I am having problems with my finish. I am using a nitrocellulose gloss lacquer. It has been raining today and it’s about 60 degrees in the shop. I keep getting a milky white translucent discoloration with an oil spot quality. I am spraying over about 3 coats of sanding sealer. It appears that a very fine layer of condensation is collecting on all of the recently sprayed finish. Is this the cause of the milky white spots? This has never happened before to me and I have been spraying for years.
From Paul Snyder, forum technical advisor:
Going years without ever seeing blush is incredible good luck. To fix the discoloration, you can fog on a very light application of lacquer retarder or spray another coat of lacquer that has some retarder in it. A general rule for spraying lacquer (or shellac) is don't spray if the relative humidity is above 65%. A more accurate guide is don't spray if the dew point is within 20 degrees of the ambient temperature. For example, if the dew point is 65 degrees and it's 80 degrees in your spray area, don't spray unless you use retarder. You need more than a twenty degree difference between the dew point and temperature to be safe.
As the solvents in lacquer evaporate, they have a cooling effect on the surface they're sprayed on (put a few drops of isopropyl alcohol on the back of your hand to feel the effect). The cooling effect can be as much as twenty degrees. If you cool the surface down below the dew point, water will condense on the surface and you'll get blushing – the milky white look in the lacquer/shellac.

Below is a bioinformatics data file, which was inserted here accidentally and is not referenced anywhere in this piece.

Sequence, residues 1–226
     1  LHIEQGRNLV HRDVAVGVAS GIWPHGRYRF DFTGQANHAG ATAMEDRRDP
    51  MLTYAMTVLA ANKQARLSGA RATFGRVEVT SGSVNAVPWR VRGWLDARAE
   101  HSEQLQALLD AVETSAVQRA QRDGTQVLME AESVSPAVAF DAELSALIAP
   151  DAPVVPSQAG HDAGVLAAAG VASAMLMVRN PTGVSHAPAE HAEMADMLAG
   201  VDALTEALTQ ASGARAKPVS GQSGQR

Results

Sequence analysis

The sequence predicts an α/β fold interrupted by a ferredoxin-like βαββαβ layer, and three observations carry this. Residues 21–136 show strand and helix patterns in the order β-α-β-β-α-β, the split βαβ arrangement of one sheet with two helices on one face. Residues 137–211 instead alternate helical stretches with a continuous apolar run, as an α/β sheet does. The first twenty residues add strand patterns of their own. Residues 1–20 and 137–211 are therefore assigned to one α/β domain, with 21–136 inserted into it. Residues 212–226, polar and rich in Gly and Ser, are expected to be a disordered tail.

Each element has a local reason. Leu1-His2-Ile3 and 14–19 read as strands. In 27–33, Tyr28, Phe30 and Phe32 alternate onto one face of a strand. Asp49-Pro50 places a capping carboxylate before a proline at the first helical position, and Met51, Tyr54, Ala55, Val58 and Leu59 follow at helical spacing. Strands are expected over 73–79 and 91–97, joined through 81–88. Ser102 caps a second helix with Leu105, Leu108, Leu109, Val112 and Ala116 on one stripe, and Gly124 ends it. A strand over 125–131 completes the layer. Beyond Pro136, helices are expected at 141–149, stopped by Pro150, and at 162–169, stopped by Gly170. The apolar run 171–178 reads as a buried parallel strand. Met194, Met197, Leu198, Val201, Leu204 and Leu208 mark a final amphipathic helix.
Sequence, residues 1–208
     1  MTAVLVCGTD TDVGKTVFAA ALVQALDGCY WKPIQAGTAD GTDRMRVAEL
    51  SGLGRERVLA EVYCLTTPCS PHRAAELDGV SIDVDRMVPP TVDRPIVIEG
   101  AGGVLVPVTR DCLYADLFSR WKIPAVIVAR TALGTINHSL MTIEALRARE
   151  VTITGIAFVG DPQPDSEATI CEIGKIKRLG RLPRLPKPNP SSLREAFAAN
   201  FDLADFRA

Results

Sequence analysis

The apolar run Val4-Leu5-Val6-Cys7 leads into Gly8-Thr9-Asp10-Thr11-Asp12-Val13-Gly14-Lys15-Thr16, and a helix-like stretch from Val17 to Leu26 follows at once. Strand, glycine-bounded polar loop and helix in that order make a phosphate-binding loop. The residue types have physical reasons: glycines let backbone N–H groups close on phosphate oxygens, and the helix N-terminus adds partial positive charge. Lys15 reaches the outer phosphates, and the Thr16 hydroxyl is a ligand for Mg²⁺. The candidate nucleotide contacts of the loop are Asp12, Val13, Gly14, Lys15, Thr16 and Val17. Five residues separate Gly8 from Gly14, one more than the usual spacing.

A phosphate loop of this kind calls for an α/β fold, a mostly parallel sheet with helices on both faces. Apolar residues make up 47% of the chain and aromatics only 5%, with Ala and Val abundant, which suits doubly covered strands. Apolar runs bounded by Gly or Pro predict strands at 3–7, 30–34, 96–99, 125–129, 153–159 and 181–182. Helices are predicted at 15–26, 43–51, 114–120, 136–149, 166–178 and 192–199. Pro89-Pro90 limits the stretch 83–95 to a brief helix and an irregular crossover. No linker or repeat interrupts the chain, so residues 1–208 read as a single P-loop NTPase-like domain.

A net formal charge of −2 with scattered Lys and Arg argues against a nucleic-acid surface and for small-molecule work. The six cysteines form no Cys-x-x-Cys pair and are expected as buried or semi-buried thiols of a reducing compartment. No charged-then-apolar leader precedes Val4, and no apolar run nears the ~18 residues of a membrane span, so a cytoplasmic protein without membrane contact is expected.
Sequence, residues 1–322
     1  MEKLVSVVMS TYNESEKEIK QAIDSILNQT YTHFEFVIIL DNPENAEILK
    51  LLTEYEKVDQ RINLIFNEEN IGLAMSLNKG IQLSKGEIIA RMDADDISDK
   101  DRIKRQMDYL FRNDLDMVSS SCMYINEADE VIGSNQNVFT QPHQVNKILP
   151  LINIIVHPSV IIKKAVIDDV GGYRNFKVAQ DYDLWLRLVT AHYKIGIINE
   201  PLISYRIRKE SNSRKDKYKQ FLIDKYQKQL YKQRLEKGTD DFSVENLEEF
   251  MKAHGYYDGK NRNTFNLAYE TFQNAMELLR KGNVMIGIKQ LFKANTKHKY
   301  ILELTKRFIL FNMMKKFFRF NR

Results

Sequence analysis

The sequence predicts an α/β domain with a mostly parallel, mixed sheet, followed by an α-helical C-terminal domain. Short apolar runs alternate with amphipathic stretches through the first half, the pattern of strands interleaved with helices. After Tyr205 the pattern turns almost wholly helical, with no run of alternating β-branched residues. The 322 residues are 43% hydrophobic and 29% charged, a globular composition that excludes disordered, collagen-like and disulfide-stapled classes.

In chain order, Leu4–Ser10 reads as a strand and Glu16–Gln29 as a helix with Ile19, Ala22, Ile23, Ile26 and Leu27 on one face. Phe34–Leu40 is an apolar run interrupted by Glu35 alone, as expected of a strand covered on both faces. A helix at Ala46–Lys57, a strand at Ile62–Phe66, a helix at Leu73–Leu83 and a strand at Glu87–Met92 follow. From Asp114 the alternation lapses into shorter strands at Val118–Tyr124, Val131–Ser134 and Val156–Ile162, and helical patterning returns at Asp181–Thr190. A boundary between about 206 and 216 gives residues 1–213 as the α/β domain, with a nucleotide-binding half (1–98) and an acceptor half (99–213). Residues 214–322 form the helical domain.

Also make sure the piece you're spraying is the same temperature as the environment where you're spraying. I once made the mistake of taking a piece from an air conditioned space and spraying it in the outdoor heat. The piece was a lot cooler than the outdoor temperature and the finish blushed almost instantly. In order to spray lacquer in high humidity, you'll need to add lacquer retarder. Lacquer retarder is a slowly evaporating solvent (thinner) that lets the moisture escape from the lacquer before it dries. Only use a small amount of lacquer retarder in place of the regular lacquer thinner. Use the same brand of retarder as the lacquer you're spraying and only use as much as the manufacturer recommends. For example, if you usually thin the lacquer 15% with lacquer thinner, and the manufacturer recommends 5% retarder, switch to 10% lacquer thinner and 5% lacquer retarder (15% total thinning as usual). Adding lacquer retarder causes the lacquer to dry more slowly than usual. Spray your coats a little lighter to avoid runs and sags and allow more time between coats.